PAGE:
That chore is about the only need for power tools. Of course, air ratchets and cordless drills will make the job much easier, but for the most part a good set of metric wrenches, electrical wiring tools, engine hoist, floor jack and jack stands are all that’s needed. As noted in the shop photos, Pawlak installed the engine from below using a vehicle lift. There are reports on the Internet that some installations have been very difficult trying to drop the engine down from the top. Headers have to be removed and in at least once situation, the stock K-member had to be loosened and dropped to provide enough room for the engine to be positioned properly. So, while it’s possible to complete this swap in a driveway with jacks and a cherry picker, access to a vehicle lift will definitely save time and possibly a lot of frustration.
The Coyote’s intake manifold and fuel system are completely replaced by the supercharger kit. The ROUSH system includes an intercooler with a standalone coolant system that features a pump, reservoir and heat exchanger. The Roots-style, positive-displacement supercharger is a R2300 TVS series with twin 4-lobe, 160-degree-twist rotors. It comes with a twin 60mm throttle body, ROUSH-designed upper and lower intake manifolds and high-flow fuel rail with 47-pound injectors.
“It’s a very inclusive kit and very easy to install. I just bolted it back on the engine,” says Pawlak, admitting that the job was considerably easier with the engine out of the car. (A full story on installing the supercharger kit in a late-model Mustang can be found by following this link.) “There was a lot of stuff I didn’t have to do because I was starting with a crate motor. But everything is labeled and easy to understand. The quality of the kit is second to none.”
Going in from below
Making the Coyote crate engine swap a real plug-and-play project is the Ford Controls Pack. Even if you pulled a 5.0L engine from the salvage yard and took the late-model PCM, it may not mate with the other computers in the car. The control pack includes a new PCM with a performance calibration along with a power distribution module that takes care of relays for fans and other accessories. Again, the instruction manual is easy to follow with clear illustrations.
The PCM is set up to work with a return fuel line. Pawlak installed a new Aeromotive sending unit in the stock tank and routed -8 AN lines to satisfy the engine’s thirst.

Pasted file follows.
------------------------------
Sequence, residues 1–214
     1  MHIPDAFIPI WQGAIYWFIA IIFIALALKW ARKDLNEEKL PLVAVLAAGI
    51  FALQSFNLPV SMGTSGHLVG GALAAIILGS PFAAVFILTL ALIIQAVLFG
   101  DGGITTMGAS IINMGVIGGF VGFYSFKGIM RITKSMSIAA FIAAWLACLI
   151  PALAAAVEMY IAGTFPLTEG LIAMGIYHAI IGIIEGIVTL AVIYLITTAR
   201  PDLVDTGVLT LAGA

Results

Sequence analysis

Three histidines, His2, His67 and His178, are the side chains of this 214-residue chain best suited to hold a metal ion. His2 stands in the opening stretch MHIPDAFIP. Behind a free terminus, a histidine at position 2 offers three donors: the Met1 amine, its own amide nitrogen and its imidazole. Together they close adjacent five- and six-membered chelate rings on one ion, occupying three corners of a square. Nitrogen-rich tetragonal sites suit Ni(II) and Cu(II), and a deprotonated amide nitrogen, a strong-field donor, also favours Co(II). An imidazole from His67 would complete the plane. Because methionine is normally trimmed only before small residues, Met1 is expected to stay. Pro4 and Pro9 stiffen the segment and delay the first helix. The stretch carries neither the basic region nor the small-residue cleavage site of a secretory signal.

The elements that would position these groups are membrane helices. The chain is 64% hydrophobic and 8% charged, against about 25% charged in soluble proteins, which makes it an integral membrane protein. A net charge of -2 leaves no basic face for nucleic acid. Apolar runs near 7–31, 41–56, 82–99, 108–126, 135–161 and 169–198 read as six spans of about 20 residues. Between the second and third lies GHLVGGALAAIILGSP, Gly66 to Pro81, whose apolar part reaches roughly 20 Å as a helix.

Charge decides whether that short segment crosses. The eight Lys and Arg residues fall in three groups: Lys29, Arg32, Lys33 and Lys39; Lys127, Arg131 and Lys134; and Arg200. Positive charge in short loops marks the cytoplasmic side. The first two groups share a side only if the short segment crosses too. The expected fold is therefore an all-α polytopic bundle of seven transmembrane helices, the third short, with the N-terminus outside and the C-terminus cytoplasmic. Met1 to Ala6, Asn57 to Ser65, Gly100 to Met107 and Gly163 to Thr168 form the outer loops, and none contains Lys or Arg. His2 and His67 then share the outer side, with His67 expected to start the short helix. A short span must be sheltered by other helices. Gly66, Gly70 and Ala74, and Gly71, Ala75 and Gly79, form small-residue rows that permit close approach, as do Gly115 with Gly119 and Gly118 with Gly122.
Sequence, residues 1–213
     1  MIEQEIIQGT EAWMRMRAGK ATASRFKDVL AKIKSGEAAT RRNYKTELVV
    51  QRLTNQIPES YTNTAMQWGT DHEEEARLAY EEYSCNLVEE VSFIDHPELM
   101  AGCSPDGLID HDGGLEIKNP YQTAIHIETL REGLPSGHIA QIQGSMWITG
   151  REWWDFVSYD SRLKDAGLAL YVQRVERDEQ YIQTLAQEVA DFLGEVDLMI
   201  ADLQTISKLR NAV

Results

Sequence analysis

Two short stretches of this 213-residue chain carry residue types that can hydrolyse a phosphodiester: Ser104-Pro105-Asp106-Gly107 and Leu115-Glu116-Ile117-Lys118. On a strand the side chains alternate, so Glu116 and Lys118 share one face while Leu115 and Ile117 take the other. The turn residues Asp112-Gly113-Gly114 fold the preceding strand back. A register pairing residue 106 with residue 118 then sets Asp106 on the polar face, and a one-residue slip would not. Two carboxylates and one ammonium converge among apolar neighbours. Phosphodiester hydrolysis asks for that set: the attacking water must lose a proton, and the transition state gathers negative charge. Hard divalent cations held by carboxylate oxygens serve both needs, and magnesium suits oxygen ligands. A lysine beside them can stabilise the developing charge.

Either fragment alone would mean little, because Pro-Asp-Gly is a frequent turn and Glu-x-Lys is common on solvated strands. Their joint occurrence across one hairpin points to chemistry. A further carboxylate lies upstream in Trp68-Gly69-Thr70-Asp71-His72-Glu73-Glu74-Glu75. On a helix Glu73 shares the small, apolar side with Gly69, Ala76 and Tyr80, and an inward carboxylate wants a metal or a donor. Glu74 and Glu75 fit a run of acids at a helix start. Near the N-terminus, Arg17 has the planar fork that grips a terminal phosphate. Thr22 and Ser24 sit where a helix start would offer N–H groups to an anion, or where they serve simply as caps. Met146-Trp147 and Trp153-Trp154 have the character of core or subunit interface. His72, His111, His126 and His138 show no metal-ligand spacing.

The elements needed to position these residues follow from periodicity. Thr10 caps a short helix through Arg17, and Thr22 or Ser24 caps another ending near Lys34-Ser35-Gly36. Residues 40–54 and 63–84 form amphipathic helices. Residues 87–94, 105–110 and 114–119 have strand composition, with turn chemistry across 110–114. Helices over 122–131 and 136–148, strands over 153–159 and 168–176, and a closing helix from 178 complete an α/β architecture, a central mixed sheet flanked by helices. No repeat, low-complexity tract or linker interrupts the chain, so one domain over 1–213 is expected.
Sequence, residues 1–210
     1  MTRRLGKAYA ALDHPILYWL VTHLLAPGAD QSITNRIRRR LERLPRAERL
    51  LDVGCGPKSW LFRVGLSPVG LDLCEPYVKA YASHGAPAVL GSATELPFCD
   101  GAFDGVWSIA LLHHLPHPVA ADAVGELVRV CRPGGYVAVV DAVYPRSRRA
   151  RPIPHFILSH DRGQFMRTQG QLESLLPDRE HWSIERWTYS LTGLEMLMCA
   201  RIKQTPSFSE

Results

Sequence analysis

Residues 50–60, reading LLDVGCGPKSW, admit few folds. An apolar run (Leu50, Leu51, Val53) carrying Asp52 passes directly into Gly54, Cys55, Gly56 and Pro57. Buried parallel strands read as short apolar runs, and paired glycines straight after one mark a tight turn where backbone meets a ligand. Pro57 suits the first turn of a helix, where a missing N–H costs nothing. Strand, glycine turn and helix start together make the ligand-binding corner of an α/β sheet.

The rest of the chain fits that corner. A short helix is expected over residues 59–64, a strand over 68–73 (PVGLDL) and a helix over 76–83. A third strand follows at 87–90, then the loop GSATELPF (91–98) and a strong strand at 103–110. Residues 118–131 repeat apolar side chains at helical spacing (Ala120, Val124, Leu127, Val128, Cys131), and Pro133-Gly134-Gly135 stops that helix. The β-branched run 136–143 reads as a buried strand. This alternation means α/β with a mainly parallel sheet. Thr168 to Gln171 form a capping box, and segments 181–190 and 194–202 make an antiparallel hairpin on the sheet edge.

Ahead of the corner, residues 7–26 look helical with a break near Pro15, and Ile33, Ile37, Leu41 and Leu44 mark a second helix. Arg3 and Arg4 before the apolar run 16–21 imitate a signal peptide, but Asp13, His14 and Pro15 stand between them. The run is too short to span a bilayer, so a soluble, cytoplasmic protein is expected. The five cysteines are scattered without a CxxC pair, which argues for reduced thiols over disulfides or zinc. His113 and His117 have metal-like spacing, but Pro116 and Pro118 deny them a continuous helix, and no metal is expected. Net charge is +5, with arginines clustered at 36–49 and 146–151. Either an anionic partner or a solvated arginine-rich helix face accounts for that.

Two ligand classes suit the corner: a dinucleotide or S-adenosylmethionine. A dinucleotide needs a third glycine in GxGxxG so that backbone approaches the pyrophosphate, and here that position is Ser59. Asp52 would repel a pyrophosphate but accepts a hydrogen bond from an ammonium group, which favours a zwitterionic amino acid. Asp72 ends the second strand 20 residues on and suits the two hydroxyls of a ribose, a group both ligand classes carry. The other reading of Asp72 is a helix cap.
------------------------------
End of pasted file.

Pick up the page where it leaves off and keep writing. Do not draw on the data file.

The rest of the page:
Getting the Wiring Right
Here’s are Pawlak’s notes on the wiring modifications necessary for his swap:
- For getting the gauges to work you need to connect the HS CAN ( ) and (-) from the controls pack to the OBDII port on on the factory chassis harness: HS CAN ( ) to HS CAN ( ) and HS CAN (-) to HS CAN (-).
- For getting the speedo to work we connected the transmission OSS via a pigtail harness from the (Tremec) to the trans plug on the ECU, which will be from the factory harness: (key C) pin 3 for signal return and pin 41 for sensor ground.
- For getting the oil pressure gauge and sensor to work you need to wire the GN/WH wire from the Coyote engine harness to pin E-25 on the ECU plug (key E).
“Had I left it all alone, the new PCM would bolt right up to the factory location,” says Pawlak. “There are some small wiring adjustments needed, some re-pinning a couple wires to tap into the CAN bus. Also to hook up the oil-pressure and speed sensors.”
The bigger, more powerful engine also required a cooling upgrade, so Pawlak installed a Ford Racing radiator, shroud and fan. Because the heater core was removed, Pawlak did have to modify one of the coolant lines to maintain the correct circulation through the engine.
The Ford control pack is designed for a manual transmission, which Pawlak wanted from the start for drifting exhibitions. For those desiring an automatic, the best bet is a stand-alone conversion using an older model transmission – and that would be recommended for street-rod or musclecar applications. A late-model automatic requires the matching PCM and harness, which again can complicate matters when hooking up to the wiring in a modern Mustang. Pawlak is going with a Tremec T-56 Magnum 6-speed behind a SPEC clutch. The ’06 project car came with a manual transmission but Pawlak replaced the entire hydraulic clutch system for peace of mind and even upgraded to GT500 slave cylinder and Ford Racing hard line. The current 3.55:1 gearset will also be replaced with a 3.73:1 ring and pinion mounted to a FR500S differential with the axle housing being located with a Whiteline watts link.
A finishing touch is a ROUSH Extreme Performance Catback exhaust.
“It’s such a crisp-sounding car, a real impressive sound,” says Pawlak, who would know the sound of a wicked engine as his drift car sports a Roush-Yates 410 Ford V8 built off the famed engine builder’s sprint-car platform and makes around 870 horsepower with 700 lb-ft peak torque. “Right now with the basic tune it can blow the tires off whenever I want. It’s definintely spirited driving and a ton of fun to drive.”
Future considerations after initial break-in include a Roush Stage 2 or 3 upgrade that drives the supercharger harder and modifies the tune. It’s also slated for a few dyno runs to confirm power numbers.
“I’m looking at 625 to 650 at the rear wheels,” vows Pawlak.